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Maryland House of Delegates Approves Kennel Licensing Bill

The Humane Society of the United States applauds the Maryland House of Delegates for passing legislation to take a first step towards addressing the issue of puppy mills in Maryland.  House Bill 940, sponsored by Del. Tom Hucker, D-Montgomery, would require commercial dog breeders to be licensed by the counties and require the counties to report licensing information once a year to the state. This measure passed overwhelmingly in the house.  Similar legislation, S.B. 839, was introduced in the Senate by Sen. Lisa Gladden, D-Baltimore City.

“House Bill 940 is especially important in Maryland, because it is one of few states that currently have no statewide licensing and inspection regulations for commercial dog breeders,” said Melanie Kahn, director of the Puppy Mills campaign for The HSUS. “This bill will provide critical information to the state and help track the puppy mill problem here in Maryland.”

Puppy mills are large-scale commercial dog breeding operations that mass-produce puppies for sale in pet stores and over the Internet. Focused solely on making a profit, these facilities keep dogs in crowded, filthy conditions where they receive little or no socialization, affection or exercise. Because Maryland has no statewide laws regulating puppy mills—and because puppy mills often operate under the radar—there has been no way to understand the scope of this problem in Maryland. A recent fire on a property in Calvert County that reportedly housed more than 100 animals indicates that such large-scale breeding facilities do exist in Maryland.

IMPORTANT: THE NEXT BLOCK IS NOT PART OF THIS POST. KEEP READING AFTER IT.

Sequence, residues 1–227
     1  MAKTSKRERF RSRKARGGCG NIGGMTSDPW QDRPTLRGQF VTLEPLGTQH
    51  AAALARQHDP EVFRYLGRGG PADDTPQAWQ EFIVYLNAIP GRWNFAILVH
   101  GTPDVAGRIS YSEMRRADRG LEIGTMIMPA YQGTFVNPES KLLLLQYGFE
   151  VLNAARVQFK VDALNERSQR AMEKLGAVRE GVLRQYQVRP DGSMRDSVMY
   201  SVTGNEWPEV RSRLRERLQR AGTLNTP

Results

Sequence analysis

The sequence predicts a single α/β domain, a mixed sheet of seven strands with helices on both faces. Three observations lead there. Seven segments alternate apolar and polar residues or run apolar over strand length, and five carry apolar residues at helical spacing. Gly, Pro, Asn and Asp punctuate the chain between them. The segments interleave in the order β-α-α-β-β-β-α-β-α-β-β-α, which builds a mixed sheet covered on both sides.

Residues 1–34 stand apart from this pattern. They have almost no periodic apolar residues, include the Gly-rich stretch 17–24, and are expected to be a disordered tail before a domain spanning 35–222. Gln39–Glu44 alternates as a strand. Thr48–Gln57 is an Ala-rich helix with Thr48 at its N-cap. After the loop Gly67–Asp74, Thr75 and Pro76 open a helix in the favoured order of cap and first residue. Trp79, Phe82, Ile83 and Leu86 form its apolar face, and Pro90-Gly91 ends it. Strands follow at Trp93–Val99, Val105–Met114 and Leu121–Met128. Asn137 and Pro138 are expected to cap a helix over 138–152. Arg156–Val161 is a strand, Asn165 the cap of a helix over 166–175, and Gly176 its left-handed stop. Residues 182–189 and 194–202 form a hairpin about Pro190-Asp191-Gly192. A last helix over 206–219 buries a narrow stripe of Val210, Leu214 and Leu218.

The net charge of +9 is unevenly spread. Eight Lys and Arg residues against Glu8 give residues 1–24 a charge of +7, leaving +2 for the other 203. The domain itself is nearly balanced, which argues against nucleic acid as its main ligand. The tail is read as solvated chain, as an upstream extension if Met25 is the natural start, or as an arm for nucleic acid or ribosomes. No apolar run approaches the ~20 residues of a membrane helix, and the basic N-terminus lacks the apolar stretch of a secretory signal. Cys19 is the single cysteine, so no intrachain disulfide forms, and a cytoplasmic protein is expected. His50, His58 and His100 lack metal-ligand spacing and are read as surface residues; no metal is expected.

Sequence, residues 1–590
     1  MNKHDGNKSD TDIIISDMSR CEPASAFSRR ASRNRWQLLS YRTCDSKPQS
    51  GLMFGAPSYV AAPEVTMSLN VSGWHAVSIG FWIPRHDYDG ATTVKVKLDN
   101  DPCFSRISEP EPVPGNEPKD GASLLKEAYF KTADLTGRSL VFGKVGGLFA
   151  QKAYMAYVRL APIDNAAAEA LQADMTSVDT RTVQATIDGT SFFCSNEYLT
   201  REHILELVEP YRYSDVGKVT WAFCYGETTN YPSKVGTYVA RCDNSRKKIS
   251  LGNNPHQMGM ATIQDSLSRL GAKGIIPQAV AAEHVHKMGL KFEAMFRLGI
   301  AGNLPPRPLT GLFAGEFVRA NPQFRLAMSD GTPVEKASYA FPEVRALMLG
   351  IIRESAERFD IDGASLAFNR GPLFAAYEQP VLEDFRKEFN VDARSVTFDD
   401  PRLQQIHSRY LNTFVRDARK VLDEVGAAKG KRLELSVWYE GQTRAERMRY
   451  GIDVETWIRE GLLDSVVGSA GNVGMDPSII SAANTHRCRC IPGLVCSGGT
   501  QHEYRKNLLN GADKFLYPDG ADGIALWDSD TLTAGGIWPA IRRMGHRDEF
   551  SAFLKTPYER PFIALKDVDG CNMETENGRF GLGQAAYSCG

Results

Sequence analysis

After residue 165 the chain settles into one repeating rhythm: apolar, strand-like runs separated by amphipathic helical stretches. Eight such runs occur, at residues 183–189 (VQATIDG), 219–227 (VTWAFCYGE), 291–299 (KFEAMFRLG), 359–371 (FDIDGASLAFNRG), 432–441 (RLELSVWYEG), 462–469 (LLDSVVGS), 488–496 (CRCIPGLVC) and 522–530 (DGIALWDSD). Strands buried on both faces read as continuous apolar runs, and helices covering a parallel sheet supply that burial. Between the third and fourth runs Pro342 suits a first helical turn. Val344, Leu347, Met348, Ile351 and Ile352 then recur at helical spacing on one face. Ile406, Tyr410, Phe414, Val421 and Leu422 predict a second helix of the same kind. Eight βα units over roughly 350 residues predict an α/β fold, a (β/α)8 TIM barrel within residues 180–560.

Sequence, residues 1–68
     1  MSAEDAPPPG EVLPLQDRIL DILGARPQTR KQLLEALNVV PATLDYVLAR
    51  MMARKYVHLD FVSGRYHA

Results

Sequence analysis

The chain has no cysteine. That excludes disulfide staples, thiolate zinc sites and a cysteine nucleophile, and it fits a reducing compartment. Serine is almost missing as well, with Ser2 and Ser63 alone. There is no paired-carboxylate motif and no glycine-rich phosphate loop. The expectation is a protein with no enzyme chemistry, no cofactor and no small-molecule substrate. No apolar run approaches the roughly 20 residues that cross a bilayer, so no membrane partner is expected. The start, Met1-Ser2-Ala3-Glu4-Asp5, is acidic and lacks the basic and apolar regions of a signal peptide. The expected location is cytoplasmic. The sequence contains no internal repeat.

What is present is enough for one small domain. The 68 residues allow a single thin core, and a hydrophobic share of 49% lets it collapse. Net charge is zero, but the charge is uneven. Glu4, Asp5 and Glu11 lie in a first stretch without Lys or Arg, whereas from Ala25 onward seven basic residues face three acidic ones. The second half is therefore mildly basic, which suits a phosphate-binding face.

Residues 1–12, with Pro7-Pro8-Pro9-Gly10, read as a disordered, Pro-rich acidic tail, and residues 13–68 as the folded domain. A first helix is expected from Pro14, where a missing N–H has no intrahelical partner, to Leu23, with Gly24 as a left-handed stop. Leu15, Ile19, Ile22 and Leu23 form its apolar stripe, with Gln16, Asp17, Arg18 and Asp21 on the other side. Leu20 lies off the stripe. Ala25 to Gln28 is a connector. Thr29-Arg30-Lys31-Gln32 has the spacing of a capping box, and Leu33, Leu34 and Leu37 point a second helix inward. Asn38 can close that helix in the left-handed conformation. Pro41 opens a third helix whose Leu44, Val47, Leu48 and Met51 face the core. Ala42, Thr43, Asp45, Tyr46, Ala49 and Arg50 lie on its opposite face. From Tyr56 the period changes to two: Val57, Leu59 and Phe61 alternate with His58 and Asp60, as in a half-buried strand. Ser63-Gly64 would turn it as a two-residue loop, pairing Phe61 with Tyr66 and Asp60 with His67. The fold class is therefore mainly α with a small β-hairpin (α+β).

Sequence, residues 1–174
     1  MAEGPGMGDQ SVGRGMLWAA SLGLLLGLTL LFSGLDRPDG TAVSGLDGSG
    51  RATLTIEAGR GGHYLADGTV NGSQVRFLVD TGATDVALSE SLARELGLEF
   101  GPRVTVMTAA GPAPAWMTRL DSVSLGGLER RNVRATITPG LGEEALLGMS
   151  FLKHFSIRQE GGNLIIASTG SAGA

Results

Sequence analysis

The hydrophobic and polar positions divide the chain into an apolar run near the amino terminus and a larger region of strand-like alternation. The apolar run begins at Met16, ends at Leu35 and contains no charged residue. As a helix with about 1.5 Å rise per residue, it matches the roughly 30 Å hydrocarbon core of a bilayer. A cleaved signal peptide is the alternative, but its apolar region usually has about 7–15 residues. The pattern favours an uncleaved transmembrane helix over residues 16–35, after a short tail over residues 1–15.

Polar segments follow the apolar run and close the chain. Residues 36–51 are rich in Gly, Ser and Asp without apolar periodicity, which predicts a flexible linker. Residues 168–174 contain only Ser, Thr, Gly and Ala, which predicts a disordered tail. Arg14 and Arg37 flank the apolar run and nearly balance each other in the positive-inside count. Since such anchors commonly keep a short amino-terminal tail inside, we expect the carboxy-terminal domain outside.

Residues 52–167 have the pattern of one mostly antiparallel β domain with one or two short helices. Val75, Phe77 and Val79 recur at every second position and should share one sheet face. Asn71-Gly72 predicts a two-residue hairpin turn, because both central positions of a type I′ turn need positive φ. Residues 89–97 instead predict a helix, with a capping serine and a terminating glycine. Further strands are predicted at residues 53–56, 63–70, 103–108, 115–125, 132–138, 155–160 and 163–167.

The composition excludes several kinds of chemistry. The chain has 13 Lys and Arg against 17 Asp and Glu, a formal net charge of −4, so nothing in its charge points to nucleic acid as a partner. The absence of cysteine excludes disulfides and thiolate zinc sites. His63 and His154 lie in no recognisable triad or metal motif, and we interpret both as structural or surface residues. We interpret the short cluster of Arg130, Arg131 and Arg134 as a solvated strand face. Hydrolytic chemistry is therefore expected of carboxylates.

"Finally, the House of Delegates has taken action to monitor puppy mills and large commercial dog breeders in Maryland,” said Del. Hucker.  “Too often, puppy mills go untaxed and unregistered—and, if allowed to deteriorate—can cost localities hundreds of thousands of dollars to clean up.  Hopefully, the Senate will pass this bill quickly as well."

Girl Scout Troop 6811, from Sandy Spring, Md., also lobbied in support of the bill, testifying before House and Senate committees to speak out against puppy mills. The scouts also presented their testimony to Governor O’Malley, who praised them for their efforts.  The fourth and fifth grade girls undertook a project on shelter pets and related issues for their Bronze Award project. Photos of the girl scouts testifying are available upon request. H.B. 940 and S.B. 839 now await action in the Maryland Senate.  The Senate Education, Health and Environmental Affairs Committee gave S.B. 839 a favorable vote yesterday.


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The Humane Society of the United States is the nation's largest animal protection organization — backed by 11 million Americans, or one of every 28. For more than a half-century, The HSUS has been fighting for the protection of all animals through advocacy, education and hands-on programs. Celebrating animals and confronting cruelty — On the Web at humanesociety.org.


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